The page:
With an estimated global market value of over $414 million, the CBD industry is without a doubt the fastest-growing subsector in the wellness industry, and it’s on track to exceed $3 billion by 2026, growing at a CAGR of 33.5%.
From health professionals to celebrities and influencers, it seems that everyone is talking about. And that’s not surprising, considering that CBD has a plethora of health benefits. So far, clinical studies have shown that CBD is effective for certain forms of epilepsy, and research on the role of CBD in the management of anxiety and chronic pain also looks promising. However, users also report excellent results when using CBD for inflammation, acne, and psoriasis.
The ongoing COVID-19 crisis only accelerated customers’ interest in CBD. Stuck at home, trying to cope as best as they could with the stress of the pandemic, many people tried CBD in its various forms, from the classic CBD oil to newer varieties, such as sprays, powders, creams, and edibles. Although trade has focused mainly on essential supplies during the lockdown, borders weren’t closed, and stores did manage to maintain the supply chain. CBD is now a part of everyday life, and it’s about to get bigger.
CBD consumers fall into two categories:
- People who take CBD to treat a chronic illness: people with severe anxiety, chronic pain (such as the pain caused by rheumatoid arthritis, endometriosis, or migraines), or epilepsy.
- People who take CBD recreationally, to relax and improve their sense of calm and focus.
Given this growing popularity, CBD (and the hemp industry as a whole) is also becoming a major investment opportunity. However, sentiment differs across the globe. While the US has been quick to embrace CBD and its potential, other countries, like the UK, are still navigating regulatory roadblocks.
The current status of the CBD market in the UK
By the latest estimates, the current value of the CBD market in the UK has reached £300 million, but this number is expected to triple by 2027. At present, more than 8 million Brits take CBD, either for health concerns or relaxation purposes, and demand continues to increase. Encouraged by the many studies conducted on the benefits of CBD, and the glowing reviews that products get online, people are more and more open towards CBD. The initial scepticism is regarding the effects of cannabinol, but that’s one quickly to dispel: unlike THC, the psychoactive compound in the hemp plant, CBD does not get you high or alter your behaviour in a negative way. On the contrary, CBD has been scientifically proven to induce a sense of calm and relaxation.
CBD has become so popular that, for the first time ever, CBD sales have overtaken those of vitamin C and vitamin D as the most popular health supplement. In 90% of cases, Brits buy CBD online, where there’s a broader product selection.
Apart from CBD oil (the most popular CBD consumption method), they also buy other products, such as CBD spray, edibles, powders, tinctures, and creams. Since CBD has different effects depending on how it is consumed and where it is applied, it’s normal to see consumers experimenting with intake options. For example, people who need to feel the effects of CBD throughout the day (such as those struggling with chronic anxiety) prefer oral CBD products, while the ones who need immediate results (i.e. chronic pain management), are more likely to purchase CBD vape pens.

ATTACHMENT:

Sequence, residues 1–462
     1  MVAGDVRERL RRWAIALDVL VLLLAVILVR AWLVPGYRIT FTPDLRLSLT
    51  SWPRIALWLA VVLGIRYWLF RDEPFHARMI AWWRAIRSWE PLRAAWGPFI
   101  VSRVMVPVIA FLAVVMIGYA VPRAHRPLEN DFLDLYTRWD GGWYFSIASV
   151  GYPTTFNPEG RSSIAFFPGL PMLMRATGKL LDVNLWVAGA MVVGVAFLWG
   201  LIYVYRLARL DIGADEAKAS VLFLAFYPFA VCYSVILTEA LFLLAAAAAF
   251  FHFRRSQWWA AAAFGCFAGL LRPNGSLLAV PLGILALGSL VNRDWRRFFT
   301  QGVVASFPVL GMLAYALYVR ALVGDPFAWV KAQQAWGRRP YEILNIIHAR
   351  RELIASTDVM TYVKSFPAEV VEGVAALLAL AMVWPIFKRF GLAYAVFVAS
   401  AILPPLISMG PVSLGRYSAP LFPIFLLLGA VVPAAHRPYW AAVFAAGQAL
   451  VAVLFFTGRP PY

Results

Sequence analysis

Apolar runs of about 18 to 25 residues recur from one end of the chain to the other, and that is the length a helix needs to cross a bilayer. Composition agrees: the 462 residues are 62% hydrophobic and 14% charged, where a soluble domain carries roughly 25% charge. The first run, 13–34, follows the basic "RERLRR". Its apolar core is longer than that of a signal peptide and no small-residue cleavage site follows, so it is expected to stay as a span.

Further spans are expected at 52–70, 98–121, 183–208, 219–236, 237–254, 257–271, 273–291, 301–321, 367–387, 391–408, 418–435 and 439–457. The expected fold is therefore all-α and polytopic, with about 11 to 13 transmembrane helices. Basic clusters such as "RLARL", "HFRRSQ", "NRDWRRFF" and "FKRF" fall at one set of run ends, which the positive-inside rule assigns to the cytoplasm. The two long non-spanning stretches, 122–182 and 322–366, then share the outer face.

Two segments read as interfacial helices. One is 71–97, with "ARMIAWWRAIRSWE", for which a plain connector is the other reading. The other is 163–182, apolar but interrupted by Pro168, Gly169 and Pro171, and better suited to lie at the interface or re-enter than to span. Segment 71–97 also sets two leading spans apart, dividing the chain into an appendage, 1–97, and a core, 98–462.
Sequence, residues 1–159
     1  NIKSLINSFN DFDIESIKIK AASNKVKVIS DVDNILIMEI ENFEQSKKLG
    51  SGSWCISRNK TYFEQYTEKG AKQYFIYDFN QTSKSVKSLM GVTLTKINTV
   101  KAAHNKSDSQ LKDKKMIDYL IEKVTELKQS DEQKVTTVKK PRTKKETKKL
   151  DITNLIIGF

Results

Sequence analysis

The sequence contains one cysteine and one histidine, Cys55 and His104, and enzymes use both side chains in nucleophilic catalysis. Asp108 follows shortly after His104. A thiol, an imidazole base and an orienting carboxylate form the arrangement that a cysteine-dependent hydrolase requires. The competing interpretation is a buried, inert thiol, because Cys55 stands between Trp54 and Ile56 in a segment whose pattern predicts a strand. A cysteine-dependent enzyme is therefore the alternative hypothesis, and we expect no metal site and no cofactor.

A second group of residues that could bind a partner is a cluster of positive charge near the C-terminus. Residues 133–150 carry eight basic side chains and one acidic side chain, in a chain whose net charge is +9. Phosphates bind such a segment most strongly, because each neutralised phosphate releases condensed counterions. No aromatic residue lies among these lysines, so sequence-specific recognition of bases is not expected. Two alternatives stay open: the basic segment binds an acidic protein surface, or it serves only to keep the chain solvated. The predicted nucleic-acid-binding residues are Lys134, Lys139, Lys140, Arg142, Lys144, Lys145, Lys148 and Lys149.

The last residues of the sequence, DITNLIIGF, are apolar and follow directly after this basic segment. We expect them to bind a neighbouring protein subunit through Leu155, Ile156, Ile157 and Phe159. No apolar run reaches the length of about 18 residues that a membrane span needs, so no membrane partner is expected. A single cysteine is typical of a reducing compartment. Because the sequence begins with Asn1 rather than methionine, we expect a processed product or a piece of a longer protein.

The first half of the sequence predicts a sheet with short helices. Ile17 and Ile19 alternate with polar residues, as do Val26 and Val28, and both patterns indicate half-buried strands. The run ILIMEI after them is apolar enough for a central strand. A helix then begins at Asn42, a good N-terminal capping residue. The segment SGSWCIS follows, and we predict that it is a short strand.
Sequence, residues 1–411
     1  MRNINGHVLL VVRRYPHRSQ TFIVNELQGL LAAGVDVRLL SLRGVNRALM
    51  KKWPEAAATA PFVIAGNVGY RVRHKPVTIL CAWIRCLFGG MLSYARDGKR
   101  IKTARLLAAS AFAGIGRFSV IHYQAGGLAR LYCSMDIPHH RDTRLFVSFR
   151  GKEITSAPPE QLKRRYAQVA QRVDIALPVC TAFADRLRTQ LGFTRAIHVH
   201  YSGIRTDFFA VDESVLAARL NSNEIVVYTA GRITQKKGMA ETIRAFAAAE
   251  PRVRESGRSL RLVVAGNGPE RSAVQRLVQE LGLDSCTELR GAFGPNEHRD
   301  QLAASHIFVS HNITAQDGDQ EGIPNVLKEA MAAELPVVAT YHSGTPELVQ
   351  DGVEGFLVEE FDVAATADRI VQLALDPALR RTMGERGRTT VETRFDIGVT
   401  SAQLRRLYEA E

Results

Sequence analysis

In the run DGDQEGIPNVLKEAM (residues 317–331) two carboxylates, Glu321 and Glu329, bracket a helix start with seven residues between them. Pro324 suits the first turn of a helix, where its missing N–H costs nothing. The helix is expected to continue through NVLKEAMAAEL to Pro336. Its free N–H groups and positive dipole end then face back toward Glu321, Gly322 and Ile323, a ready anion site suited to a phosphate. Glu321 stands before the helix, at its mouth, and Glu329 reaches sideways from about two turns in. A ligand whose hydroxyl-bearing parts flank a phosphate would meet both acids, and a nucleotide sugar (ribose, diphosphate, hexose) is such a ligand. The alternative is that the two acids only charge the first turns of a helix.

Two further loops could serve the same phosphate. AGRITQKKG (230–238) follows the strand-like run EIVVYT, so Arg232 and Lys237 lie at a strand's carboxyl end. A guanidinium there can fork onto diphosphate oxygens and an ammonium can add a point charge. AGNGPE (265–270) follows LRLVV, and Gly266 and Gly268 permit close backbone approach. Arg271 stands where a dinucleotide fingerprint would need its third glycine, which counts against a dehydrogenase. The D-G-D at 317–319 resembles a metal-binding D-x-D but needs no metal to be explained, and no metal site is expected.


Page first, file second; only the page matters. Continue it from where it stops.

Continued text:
In terms of regulation, things are a bit unclear, and there are a number of guidelines that consumers need to consider.
First of all, CBD is legal in the UK but only as long as it doesn’t include more than trace amounts of THC (>0.2%). Under UK legislation, THC classifies as a controlled substance and consumption is prohibited.
Secondly, CBD is only legal in the UK if the manufacturer can prove that the product is derived from an approved industrial hemp strain. This can come either from the EU or outside of it, but it has to be approved.
Unfortunately, there are many misconceptions as to what people can and cannot do with CBD. Even though CBD consumption is legal in the UK regulations are generally quite strict when it comes to growing and selling cannabis or hemp:
- Producers need a license from the UK Home Office.
- Companies who sell CBD oil must be either authorised medical distributors or label the product as a supplement.
- All CBD products must be labelled accordingly, following the guidelines from the Food Supplements (England) Regulations 2003.
- Those who sell CBD products as cosmetics need to comply with the Cosmetic Product Safety Report (CPSR).
- In addition to these CBD requirements, all CBD vape products must also comply with e-cigarette regulations.
- Selling CBD flowers remains strictly prohibited in the UK, even if they have less than 0.2% THC and they are sourced from approved origins.
Although this isn’t exactly a law, the Food Standards Agency (FSA) recommends people to limit their CBD dosage to 70 mg per day. This makes the UK the only country to set a recommended limit for CBD, even though the scientific community hasn’t backed up this limit. So far, studies show that a CBD overdose is almost impossible because one would need to consume a huge quantity of it. Plus, side effects are rare and shouldn’t normally pose a health threat.
After finding that certain CBD products were inconsistent with the claims on the label, the FSA pledged to better regulate the market and announced that sellers would have to submit the paperwork for a new license by March 2021. In theory, this should make CBD products safer for consumers, but many voices say that this red tape will backfire and kill many promising small, local companies and favour imports instead. At the same time, they’re also advocating for a strong, self-sustained local market, which has already proven to be quite resilient when faced with a pandemic.